"We haven’t heard from our members yet about bitcoin,” said Andrew Darmohraj, executive vice president and chief operating officer of the American Pet Products Association in Greenwich, Conn. "It is still such a new process, I think it will take some time before it catches on in the pet industry.”
Bitcoin holds promise, Darmohraj said, but he urged pet retailers to do their homework before signing on.
"In theory, if it saves on transaction fees and simplifies how payments are handled, it will be a good thing,” he said.
As more young adults make bitcoin their currency of choice, businesses that accept it may be able to target certain demographics.
"A typical bitcoin user is male, between the ages of 18 to 45,” Wargo pointed out.
For Cliff Blank, who turns pet photos into portraits, signing up with BitPay so he could begin accepting bitcoin was an easy decision. In fact, his hometown of Vancouver, British Columbia, Canada, claims the world’s first ATM machine designed to accept bitcoin deposits and spit out dollars to anyone who wants to cash in.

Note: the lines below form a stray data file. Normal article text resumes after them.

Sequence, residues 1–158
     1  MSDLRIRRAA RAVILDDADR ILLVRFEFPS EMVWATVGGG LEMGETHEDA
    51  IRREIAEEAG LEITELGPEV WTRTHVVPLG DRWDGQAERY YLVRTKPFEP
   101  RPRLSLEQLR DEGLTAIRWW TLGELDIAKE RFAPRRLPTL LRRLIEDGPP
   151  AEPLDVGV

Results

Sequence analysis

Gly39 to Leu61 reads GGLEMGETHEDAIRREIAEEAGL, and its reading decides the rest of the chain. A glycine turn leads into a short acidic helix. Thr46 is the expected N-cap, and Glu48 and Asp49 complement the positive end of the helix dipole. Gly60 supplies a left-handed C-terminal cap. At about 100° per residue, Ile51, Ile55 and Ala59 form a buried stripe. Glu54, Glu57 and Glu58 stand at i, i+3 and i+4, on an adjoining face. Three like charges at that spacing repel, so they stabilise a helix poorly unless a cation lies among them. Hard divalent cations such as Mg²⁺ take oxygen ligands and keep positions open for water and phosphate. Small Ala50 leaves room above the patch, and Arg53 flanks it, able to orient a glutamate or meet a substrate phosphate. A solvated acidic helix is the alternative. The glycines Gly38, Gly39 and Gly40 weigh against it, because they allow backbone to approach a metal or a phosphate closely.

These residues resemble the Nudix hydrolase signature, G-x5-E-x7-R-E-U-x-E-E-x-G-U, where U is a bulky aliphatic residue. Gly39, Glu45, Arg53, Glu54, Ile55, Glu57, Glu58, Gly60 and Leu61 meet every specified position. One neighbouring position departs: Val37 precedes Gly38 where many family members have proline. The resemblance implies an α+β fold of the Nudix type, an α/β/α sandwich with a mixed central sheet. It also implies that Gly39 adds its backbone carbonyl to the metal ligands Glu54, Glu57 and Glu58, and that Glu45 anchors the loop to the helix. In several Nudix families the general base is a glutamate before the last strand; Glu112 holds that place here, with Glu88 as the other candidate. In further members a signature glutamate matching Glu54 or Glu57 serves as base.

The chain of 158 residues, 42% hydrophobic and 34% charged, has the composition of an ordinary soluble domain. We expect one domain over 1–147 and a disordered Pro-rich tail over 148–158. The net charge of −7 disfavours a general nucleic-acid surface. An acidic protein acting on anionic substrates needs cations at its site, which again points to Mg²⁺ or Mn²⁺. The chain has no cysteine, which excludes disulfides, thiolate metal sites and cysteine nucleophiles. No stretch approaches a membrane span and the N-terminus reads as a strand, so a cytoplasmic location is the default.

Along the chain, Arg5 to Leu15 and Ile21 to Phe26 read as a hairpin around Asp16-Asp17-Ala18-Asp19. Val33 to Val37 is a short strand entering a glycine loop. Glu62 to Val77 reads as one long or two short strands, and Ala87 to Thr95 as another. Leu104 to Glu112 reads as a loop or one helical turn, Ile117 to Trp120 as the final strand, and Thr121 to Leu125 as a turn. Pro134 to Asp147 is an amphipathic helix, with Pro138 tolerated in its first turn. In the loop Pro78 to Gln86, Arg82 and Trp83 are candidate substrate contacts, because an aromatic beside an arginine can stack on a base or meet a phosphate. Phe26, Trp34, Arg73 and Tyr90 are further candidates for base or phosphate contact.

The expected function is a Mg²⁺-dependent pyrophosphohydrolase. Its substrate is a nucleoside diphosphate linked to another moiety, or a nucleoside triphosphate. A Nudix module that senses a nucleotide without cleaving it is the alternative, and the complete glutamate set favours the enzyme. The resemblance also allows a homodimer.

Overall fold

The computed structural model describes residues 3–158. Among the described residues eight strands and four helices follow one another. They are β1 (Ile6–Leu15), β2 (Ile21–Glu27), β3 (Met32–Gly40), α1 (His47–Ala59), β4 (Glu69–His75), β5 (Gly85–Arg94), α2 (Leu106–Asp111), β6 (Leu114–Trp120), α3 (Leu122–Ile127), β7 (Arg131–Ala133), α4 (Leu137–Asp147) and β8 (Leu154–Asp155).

"I knew there was a growing interest in bitcoin after learning more about the technology at a meet-up,” Blank said.
Like Houghton, Blank likes the lower transaction fees compared to traditional online payment options.
"Bitcoin is borderless, too, so I save on international currency exchange rates,” he said. "It’s offering another option for my customers and tapping into emerging markets, so why not?”
What does the rank-and-file customer think?
Marcy Brody scheduled an appointment at Vetco for her Chihuahua soon after hearing that the Albuquerque clinic was a bitcoin merchant.
"I was ... proud that my vet clinic is taking bitcoin,” Brody said. "Not many local businesses take it yet.”
Brody also saw bitcoins as an investment, noting, "They keep going up in value despite the occasional crash.”
As the digital currency gains in popularity, BitPay’s Wargo predicted that the volatility will lessen as more users jump on board.
"Bitcoin is volatile because it is thinly traded,” she said. "As the market gets more liquidity, this volatility will level out.”
For Vetco’s Houghton, bitcoin transactions are easy. Customers may use a smartphone app to complete a payment.
"The customer simply tells us they want to pay in bitcoin and then they scan the QR code, and that’s it,” she said.
|A Bit About Bitcoin|